Having been on the road for over a year now, we’ve gotten the chance to see and experience many incredible things. However, the week we spent volunteering at ENP is one that we agree will stick with us forever.
Elephant Nature Park (ENP) is an elephant rescue and rehabilitation sanctuary just north of Chiang Mai that’s been around since the 1990’s. In addition to over 30 elephants, the 250 acre park is home to thousands of dogs and cats, hundreds of water buffalo, and a handful of horses and pigs. All of these animals have either been rescued or born at the park.
We found out about ENP from my older sister, who visited for an overnight stay with her family when they were in Chiang Mai and called it an “unforgettable” experience. She recommended that we do the volunteer program if we had the right amount of time. Safe to say, we made that time happen.
ENP’s Work With Elephants
Since its creation in the 1990’s, Elephant Nature Park has provided a home and sanctuary for dozens of abused and mistreated elephants from all over Thailand. These elephants are rescued from street begging, the tourism industry, and from the logging industry, all of which horrifically abuse these fantastic creatures in order to make them tame enough to ride and control.
The park was founded by Lek Chailert, who has been campaigning for the better treatment of elephants for most of her life. Its primary function is the rescue, rehabilitation, and ongoing care of the animals it rescues. As of 2016, over 200 elephants have called this sanctuary their home.
The park has an open design, with only the most aggressive elephants separated from the rest of the herds. The elephants live freely in family herds that can consist of anywhere from two to eight animals. Each herd lives in a separate area of the park and is carefully watched over by mahouts, men whose entire job is the care of just one elephant.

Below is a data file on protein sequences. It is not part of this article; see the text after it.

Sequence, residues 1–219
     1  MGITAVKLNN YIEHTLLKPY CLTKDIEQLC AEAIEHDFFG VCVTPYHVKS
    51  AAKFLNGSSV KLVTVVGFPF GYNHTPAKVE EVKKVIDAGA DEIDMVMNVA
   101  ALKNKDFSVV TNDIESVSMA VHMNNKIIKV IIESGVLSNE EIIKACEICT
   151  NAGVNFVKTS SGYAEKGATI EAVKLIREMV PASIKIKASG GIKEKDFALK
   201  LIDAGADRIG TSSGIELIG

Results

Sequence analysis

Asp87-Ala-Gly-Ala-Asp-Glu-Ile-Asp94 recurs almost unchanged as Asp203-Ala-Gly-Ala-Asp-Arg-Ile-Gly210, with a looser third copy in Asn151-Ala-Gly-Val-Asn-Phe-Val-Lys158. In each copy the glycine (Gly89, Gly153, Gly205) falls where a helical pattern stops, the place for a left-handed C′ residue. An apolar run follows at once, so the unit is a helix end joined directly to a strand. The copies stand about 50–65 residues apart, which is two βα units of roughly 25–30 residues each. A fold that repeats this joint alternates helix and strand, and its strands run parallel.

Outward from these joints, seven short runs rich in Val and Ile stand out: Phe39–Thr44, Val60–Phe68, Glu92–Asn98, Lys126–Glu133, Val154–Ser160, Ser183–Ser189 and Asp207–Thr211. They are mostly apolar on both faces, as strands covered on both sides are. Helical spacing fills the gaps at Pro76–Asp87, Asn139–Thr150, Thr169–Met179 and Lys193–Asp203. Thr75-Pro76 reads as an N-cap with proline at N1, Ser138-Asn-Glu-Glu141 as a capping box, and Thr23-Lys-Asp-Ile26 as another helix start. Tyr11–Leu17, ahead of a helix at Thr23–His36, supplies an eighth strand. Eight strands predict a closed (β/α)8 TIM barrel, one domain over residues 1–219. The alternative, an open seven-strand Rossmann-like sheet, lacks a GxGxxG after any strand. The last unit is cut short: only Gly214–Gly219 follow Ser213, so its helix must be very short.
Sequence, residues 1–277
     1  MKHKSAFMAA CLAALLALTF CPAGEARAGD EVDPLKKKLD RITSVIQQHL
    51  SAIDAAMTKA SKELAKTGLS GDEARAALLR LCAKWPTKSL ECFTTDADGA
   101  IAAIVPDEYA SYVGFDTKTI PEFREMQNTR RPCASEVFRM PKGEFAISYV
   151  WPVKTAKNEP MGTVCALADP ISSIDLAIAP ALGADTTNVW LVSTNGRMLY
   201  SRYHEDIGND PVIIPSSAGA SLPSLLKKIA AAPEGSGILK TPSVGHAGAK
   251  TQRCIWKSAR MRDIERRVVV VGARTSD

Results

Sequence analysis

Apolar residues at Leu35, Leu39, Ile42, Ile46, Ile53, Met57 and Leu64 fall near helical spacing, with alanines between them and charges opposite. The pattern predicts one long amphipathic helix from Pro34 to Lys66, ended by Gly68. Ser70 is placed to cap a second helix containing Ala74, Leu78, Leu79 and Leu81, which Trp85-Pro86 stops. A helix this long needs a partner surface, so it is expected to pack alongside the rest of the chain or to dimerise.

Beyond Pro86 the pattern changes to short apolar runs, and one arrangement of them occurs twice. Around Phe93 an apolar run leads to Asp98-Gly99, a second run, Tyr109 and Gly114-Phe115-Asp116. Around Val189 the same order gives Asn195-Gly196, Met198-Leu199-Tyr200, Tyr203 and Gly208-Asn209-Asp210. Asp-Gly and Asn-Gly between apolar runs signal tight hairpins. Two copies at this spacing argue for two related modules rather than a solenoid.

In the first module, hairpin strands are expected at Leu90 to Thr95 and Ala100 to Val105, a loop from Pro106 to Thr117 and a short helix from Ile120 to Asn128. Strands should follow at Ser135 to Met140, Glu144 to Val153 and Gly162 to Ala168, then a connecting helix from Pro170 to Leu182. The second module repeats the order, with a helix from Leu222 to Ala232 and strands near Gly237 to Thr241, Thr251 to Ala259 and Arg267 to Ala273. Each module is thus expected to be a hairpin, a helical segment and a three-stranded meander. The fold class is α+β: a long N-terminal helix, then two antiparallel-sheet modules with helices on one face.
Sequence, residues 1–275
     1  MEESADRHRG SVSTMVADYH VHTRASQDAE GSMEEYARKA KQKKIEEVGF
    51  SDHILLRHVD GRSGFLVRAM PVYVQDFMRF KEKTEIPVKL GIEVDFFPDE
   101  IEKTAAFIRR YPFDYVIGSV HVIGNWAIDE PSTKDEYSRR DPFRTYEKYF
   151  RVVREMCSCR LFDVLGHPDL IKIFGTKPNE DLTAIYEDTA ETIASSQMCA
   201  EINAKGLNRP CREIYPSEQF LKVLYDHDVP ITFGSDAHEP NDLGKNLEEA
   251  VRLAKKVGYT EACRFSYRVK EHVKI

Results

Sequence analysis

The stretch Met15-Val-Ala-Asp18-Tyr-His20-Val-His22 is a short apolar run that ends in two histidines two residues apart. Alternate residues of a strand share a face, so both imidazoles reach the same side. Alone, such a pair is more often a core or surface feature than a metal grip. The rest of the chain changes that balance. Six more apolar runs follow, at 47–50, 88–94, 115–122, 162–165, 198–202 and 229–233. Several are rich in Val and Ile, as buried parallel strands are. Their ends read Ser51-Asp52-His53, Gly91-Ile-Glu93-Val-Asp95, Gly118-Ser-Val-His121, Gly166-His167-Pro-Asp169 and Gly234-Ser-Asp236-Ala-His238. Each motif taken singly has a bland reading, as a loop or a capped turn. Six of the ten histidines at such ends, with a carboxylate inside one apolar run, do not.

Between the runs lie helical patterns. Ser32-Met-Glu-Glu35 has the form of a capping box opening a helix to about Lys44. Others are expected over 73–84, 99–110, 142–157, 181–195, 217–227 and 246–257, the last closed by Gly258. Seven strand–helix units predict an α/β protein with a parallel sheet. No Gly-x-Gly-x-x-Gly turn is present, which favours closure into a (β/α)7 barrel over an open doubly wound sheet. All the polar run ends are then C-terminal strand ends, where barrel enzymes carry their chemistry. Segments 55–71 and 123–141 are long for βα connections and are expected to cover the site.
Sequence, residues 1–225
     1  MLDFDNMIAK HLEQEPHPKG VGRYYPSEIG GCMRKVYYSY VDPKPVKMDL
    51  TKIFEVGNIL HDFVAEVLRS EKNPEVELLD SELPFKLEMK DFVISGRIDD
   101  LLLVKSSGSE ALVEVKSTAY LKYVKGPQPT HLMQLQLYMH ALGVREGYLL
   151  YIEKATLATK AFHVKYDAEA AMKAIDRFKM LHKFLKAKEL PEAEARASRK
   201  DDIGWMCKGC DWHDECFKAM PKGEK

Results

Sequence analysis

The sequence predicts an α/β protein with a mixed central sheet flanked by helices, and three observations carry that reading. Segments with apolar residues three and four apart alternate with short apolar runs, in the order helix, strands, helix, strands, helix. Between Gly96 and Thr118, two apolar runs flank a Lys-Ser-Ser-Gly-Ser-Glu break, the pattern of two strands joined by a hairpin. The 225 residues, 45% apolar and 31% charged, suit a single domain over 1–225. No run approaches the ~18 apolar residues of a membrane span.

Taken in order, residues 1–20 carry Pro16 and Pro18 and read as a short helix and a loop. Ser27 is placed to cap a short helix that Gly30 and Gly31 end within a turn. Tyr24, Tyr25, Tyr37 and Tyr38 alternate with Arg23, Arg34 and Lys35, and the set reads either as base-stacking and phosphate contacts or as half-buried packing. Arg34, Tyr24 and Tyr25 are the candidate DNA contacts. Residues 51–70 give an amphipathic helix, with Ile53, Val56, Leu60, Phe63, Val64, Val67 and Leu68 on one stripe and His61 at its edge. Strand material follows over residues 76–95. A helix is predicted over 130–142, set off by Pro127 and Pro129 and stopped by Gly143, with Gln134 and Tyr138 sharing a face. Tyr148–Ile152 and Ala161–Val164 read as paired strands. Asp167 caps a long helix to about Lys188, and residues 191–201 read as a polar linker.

In the park, the elephants are given any necessary medical attention, fed and watered, provided with shelter, and allowed to roam freely around the park and through the bordering river. The guest sleeping quarters and main Platform, where guests eat, relax, and gather throughout the day, are separate but overlooking the park’s expanse.
ENP’S Work With Dogs
ENP’s rescue and rehabilitation work might begin with elephants, but it doesn’t end there. In addition to the park’s 30+ gentle giants, ENP is home to thousands of cats, dogs, water buffalo, horses, and more. In fact, one of the park’s biggest operations is the rescue and adoption of its dogs.
It began when Thailand began suffering heavy damages due to a number of natural disasters. Locals either couldn’t take care of their pet or abandoned it in the face of heavy flood and property damages. ENP organized rescues and began bringing abandoned pets back to the park to care for them. The rest is history.
The dogs at ENP live within large kennels in different packs, or are allowed to roam the park. Some are more wild than others, some love people and some don’t, but they’re all given love, attention, and care by the people who work and volunteers at the park.
Every dog at ENP is up for adoption. They come in every color, breed, shape, and size imaginable, and they’ve all been spayed or neutered and vaccinated. ENP also assists with international transport for owners who are looking to bring a dog home overseas!
Fair warning, if you go visit, you WILL want to bring one home.
Volunteering and Visiting
ENP offers a number of volunteer and visiting opportunities.
To visit, but not volunteer, you have the option of coming for a short visit, single day visit, or an overnight visit. Our friend Anna, who was with us Chiang Mai before we began the program, did an overnight visit on our last day at the park and definitely recommends it!
To volunteer at the park, you have a couple of options. The minimum stay is one week, but you can stay for an additional week(s) if you’d like. One volunteer program includes a cultural exchange in a nearby village, one involves spending a week volunteering with elephant care on the park (this is what we did), and the third is a week-long volunteer program with ENP’s dogs.
To learn more about the availability, cost, and details of each program, check out their website.